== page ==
Museum of Science, Boston

Hoop Glider Engineering at Different Ages

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Contact the Discovery Center and Living Lab staff at livinglab@mos.org

February 2013: Hoop Glider Engineering

Hoop Glider Engineering

In the Hoop Glider Engineering activity, children are able to explore being an engineer by building a hoop glider, testing it out, and making changes to their design.

This activity encourages children to create and test a prototype (ideally, an adult will help children make a glider with the ‘basic’ design to start with), to set a goal for creating a better glider, and to change one variable at a time in controlled experiments to make their glider meet that goal.

At the same time, children learn to use the tools and materials available for the activity in ways that are safe and appropriate for their age.

The hoop glider engineering activity also introduces children to the scientific concepts of gravity, lift, thrust and drag. Adults can encourage creativity in the process by restricting the types of materials that are available to children as they design their gliders.

Finally, this activity reinforces good science practices by emphasizing the importance of replicating your experiments (i.e. testing each glider multiple times to see if the glider flies the same way in every trial) and controlling variables (i.e. changing only one feature of your hoop glider design at a time).

Hoop Glider Engineering at Home

You can continue your Hoop Glider explorations at home by

Making Hoop Gliders at Home

Getting ready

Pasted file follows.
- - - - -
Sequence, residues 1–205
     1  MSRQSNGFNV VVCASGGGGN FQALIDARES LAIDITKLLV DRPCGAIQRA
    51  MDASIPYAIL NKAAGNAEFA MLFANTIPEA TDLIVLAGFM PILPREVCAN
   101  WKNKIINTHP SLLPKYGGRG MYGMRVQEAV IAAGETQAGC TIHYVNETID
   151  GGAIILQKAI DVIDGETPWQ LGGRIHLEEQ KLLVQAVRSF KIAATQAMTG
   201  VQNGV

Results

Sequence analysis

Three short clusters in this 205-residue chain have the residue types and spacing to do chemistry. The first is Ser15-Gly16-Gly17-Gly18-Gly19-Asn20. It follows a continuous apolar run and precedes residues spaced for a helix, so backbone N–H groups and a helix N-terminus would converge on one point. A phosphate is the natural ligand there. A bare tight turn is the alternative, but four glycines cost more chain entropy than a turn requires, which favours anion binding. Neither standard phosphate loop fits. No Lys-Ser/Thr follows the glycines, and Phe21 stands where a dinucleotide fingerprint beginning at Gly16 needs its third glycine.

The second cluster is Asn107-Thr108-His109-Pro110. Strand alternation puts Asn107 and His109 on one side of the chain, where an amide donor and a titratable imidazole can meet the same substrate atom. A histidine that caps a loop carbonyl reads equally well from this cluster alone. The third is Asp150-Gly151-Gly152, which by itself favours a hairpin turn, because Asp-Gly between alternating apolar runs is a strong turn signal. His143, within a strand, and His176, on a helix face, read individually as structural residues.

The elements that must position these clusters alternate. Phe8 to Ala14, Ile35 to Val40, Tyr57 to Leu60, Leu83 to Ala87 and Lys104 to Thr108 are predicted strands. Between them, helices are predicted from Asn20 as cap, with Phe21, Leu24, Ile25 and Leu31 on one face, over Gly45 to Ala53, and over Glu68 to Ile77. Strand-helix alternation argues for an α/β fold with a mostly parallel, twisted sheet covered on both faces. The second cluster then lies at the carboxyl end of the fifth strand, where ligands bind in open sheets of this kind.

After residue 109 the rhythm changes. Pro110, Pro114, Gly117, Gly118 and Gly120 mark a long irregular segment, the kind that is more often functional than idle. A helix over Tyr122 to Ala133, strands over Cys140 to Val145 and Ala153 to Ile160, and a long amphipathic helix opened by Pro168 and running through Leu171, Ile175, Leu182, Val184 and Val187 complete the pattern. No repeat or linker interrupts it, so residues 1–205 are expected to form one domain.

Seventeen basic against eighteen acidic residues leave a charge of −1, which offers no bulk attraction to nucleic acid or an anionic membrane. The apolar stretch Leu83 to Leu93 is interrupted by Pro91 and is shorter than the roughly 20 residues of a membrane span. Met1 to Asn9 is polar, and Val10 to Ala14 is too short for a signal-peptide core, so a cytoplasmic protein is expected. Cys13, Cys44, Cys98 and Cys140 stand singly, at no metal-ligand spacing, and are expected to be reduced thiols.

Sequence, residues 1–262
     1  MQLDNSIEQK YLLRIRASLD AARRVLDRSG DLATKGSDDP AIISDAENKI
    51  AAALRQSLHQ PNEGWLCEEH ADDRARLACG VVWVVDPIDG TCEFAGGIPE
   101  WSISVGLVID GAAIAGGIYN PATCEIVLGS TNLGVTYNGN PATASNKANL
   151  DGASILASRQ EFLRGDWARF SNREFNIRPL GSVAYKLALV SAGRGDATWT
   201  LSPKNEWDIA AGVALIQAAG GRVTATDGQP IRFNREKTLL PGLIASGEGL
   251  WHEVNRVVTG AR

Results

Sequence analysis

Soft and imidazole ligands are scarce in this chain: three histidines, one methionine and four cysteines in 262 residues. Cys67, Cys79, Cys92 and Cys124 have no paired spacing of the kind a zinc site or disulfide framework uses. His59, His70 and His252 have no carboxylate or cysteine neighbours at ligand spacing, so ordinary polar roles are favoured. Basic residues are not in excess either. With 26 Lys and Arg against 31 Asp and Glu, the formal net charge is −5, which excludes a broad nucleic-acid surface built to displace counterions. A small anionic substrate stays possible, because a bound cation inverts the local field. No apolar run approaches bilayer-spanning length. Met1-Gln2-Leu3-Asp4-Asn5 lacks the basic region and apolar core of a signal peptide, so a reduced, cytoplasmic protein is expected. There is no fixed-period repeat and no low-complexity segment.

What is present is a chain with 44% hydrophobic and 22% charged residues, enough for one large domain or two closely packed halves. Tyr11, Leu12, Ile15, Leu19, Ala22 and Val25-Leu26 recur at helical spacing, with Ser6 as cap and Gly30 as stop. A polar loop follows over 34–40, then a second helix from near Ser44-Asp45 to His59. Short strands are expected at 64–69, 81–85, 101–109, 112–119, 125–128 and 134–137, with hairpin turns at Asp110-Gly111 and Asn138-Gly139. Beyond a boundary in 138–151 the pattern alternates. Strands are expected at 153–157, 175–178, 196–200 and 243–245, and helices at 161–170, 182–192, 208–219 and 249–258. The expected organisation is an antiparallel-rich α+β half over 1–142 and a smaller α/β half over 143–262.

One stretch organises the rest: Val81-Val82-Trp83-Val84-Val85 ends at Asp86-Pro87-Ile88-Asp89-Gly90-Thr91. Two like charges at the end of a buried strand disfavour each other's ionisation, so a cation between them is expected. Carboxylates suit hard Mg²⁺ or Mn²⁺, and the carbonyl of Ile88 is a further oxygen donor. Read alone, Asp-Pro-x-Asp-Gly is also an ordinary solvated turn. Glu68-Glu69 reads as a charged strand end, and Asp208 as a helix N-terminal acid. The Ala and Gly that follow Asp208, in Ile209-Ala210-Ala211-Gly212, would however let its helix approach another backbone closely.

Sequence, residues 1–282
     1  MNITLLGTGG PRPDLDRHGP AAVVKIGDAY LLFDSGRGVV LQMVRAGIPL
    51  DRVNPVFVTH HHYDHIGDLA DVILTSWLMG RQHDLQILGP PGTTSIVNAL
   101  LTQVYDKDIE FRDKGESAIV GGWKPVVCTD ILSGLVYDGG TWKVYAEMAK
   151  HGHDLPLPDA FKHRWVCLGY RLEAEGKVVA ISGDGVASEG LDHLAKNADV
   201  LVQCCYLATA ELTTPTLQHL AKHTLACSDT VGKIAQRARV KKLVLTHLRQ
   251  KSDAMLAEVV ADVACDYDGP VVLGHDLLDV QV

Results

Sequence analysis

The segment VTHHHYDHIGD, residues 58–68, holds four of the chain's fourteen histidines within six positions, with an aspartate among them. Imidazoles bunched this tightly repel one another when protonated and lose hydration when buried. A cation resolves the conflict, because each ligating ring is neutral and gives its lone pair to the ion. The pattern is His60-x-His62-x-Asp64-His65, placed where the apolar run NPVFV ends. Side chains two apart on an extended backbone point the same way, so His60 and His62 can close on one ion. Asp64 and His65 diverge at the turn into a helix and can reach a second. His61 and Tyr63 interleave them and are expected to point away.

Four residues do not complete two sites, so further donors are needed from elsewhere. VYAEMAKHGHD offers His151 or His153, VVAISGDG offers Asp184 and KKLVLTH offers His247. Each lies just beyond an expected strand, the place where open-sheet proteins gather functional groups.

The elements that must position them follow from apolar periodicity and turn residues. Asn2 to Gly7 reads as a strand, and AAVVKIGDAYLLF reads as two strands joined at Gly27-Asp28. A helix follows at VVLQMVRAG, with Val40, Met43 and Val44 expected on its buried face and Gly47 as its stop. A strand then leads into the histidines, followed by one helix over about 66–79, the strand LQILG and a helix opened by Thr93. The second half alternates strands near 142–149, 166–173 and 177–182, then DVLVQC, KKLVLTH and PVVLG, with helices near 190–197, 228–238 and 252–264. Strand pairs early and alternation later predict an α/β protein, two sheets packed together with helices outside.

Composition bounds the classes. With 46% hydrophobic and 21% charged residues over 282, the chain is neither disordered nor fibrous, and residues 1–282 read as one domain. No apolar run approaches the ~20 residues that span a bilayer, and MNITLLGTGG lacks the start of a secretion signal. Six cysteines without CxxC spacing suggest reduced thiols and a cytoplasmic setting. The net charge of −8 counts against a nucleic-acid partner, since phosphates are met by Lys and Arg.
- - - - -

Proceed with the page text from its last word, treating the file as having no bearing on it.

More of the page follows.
Hoop Gliders Materials List

  • Paper Strips
  • Small Paper Clips
  • Drinking Straws
  • Scissors (optional)
  • Set up a “test track” for your hoop glider races
    This could be in any room that has open space, or it could be outdoors. Use a measuring tape to mark out 5-foot increments.

    Indoors, you can use masking tape to show the “start line”, as well as five, ten and fifteen foot marks. Outside, you can use meter-sticks or old broom handles to mark out your test track.

    Making a "Prototype" Hoop Glider

  • Choose one paper strip and form it into a loop.
  • Use a paper-clip to hold the ends of the loop together.
  • Make a second paper loop in the same way.
  • Attach a straw to one of the loops: using the same paper-clip that holds the loop together, maneuver the small end of the paper clip into the end of the straw.
  • Now attach the second loop to the other end of the straw.
  • Toss you hoop glider on the test track... What happens?
  • Exploring Hoop Glider Science

    Air flowing over a curved surface (like the top of an airplane wing) moves faster than air flowing over a flat surface (like the bottom of an airplane wing). As the air goes past the wing, the shape of the wing also turns the air downwards.

    The difference in the speed of the air, combined with the turning of the air downward mean that there is a pressure difference between the top and bottom surface of the wing: there is low pressure on the top of the wing and high pressure underneath the wing. Since objects naturally move toward areas of low pressure, this causes the wing to be ‘sucked up’ into the air, in an effect called lift.

    Lift is also what helps your hoop glider stay up in the air. The curved surface of the hoop glider's loops create a difference in pressure above and below the loops.

    You can also see ‘lift’ in action at the Bernoulli Ball and Pneumatic Tube exhibits on the second floor of the Discovery Center, and at the waterfall in the Discovery Center’s Water Table.

    Other forces acting on a glider are:

  • Gravity: downward pull toward the Earth
  • Drag: also called air resistance- the more "stuff" there is, the harder it is to move that stuff through the air
  • Thrust: the force you exert when you throw it
  • We cannot change gravity, but by maximizing lift, minimizing drag and with just the right amount and direction of thrust, hoop gliders can fly quite far!

    Questions to think about while you experiment:

  • How far does your hoop glider fly?
  • Can you design a hoop glider that flies farther?
  • What happens when you change:
    • Loop Shape?
    • Straw Length?
    • Glider Weight?
    • Loop Size?
    • Number of Loops?